Image Credit: Getty Images/Brendan Hoffman
When Jill Biden sets her mind to raising awareness about something, she does it. During her years juggling Second Lady duties with her full-time job as an English professor, Biden has supported military families, founded the Biden Breast Health Initiative, promoted literacy with her Book Buddies program, and championed community colleges.
Right now, she’s focused on making sure that American people sign up for healthcare coverage.
As part of the Affordable Care Act, eligible Americans can get private health insurance through the health insurance marketplace. Health insurance companies can no longer deny coverage due to pre-existing conditions, or drop someone for being sick. Open enrollment for 2016 healthcare plans ends on January 31, 2016.
Dr. Biden, age 64, is a strong proponent of exercise and health. A longtime runner, she completed the 1998 Marine Corps Marathon and tries to run five miles a day. She has also been spotted at barre classes around D.C. In an interview with SELF, Dr. Biden shared her favorite workouts, how she gets her family to eat healthily, and why it’s so important for everyone to have access to healthcare.
So the deadline for health insurance open enrollment is coming up, and you want to encourage as many people as possible to get covered—especially women.
It really is important for women to sign up for [insurance]. As grandmothers, as sisters, we are the caregivers mainly in our families. So if we’re signing up, we have to make sure our children are signed up. It has a domino effect where you take care of people in your family.
Being a woman is no longer a pre-existing condition. The Affordable Care Act has done away with that and they are focused on preventative healthcare, which is a really important part of it. I make sure my sisters get their mammograms, and that they get pap smears and that they take care of themselves. I check on them constantly. And I just came from a meeting with my husband where I kind of whispered to him “Hey, you’ve got to get to the dentist.”
How do you personally prioritize being healthy?
I make it a priority in my life. Each and every week before I do my scheduling, I sit down with my scheduler and we set up appointments of when I can. I run and I take barre class. I exercise every single day. It is part of my daily schedule. Whether it’s 6:30 in the morning or 6:30 at night, it is part of my daily routine. And I don’t just exercise to make myself look better. I think exercise and being healthy creates total balance in life. People have to find what works for them. So for me, running and doing the barre class and weights—that works for me. And if walking works for you, or cycling, or golfing, whatever it is, you should find something you love that you are passionate about. And make that your exercise, because then you’ll do it.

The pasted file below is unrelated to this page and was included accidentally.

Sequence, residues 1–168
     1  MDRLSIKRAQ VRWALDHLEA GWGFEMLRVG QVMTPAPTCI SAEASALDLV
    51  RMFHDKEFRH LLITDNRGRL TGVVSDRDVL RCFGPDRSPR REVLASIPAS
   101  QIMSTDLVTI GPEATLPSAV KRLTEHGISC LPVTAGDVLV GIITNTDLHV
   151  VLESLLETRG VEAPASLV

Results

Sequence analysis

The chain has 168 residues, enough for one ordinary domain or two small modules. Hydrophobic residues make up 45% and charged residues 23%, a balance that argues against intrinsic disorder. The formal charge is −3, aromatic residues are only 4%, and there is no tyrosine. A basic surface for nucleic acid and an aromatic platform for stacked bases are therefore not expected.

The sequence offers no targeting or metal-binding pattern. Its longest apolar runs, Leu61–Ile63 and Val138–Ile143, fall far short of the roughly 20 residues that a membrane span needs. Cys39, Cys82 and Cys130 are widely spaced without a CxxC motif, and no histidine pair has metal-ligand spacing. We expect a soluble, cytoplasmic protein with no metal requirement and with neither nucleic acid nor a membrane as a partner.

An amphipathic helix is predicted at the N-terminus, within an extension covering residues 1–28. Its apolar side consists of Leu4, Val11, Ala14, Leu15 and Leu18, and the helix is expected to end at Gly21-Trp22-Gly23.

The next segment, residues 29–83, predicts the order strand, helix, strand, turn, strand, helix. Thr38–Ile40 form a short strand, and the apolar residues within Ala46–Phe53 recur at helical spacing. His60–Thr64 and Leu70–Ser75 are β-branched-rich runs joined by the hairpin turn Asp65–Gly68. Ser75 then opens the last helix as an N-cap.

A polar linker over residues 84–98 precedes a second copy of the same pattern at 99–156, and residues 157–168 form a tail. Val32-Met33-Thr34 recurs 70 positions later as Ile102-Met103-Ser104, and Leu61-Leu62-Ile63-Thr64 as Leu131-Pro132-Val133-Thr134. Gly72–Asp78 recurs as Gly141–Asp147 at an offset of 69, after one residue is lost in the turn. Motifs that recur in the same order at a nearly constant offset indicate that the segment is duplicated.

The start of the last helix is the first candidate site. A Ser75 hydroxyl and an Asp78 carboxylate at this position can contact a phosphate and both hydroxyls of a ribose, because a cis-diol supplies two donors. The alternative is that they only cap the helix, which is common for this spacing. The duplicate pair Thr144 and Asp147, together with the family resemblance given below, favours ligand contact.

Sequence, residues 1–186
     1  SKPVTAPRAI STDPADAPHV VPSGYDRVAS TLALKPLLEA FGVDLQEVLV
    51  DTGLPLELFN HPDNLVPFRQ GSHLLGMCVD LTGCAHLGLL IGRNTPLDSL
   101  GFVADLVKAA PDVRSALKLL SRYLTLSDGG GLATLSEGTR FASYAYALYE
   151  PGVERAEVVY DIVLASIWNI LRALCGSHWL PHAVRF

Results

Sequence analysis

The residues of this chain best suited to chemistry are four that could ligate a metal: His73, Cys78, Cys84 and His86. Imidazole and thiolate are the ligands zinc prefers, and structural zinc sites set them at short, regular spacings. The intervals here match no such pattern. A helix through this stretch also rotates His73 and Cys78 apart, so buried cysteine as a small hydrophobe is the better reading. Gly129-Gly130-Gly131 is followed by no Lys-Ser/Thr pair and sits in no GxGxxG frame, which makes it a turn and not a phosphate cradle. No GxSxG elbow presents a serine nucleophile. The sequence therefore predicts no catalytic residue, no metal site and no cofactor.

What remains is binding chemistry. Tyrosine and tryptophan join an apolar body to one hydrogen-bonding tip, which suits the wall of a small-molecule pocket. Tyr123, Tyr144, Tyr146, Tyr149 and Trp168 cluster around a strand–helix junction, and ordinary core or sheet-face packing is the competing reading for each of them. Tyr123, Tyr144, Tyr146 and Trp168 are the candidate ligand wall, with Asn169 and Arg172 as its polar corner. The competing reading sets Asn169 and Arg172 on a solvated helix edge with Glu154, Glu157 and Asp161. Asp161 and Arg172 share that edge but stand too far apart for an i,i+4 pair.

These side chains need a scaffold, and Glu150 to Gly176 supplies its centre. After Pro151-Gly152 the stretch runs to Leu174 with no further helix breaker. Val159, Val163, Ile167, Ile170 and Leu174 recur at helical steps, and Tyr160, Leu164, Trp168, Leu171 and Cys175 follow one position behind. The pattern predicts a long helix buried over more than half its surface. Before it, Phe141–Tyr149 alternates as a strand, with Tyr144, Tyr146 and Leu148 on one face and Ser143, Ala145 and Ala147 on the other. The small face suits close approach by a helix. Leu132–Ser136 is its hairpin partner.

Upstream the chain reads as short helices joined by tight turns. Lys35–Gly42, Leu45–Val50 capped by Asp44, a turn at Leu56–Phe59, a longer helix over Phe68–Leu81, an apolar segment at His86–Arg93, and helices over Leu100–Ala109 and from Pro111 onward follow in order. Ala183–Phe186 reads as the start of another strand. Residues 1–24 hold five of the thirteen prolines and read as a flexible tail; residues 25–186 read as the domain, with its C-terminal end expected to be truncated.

You’re a busy person who is wearing a lot of hats. You are a teacher, and a public figure, and so it’s inspirational for people to look to someone who has so much going on who still makes the time to be healthy.
Well I mean, look at the First Lady! Look at her schedule, and she has her “Let’s Move” initiative and has gotten Americans to be aware of how much they do not eat healthy and exercise. In my life, I teach full-time and then I have my job as Second Lady. But health is a priority for me. Because if you’re not healthy, then what do you do? I try to set an example for my children. They’re all athletes. And with my students, I try to encourage them. If they’re stressed, they journal it to me like “I’m so stressed out! What can I do!” I say, look. Find time to walk, to clear your head. To just think about things. I promote it in my class.
When women get together, we talk about how to recreate and maintain this balance in our lives. And I think you can only maintain balance, and have balance, if you exercise.
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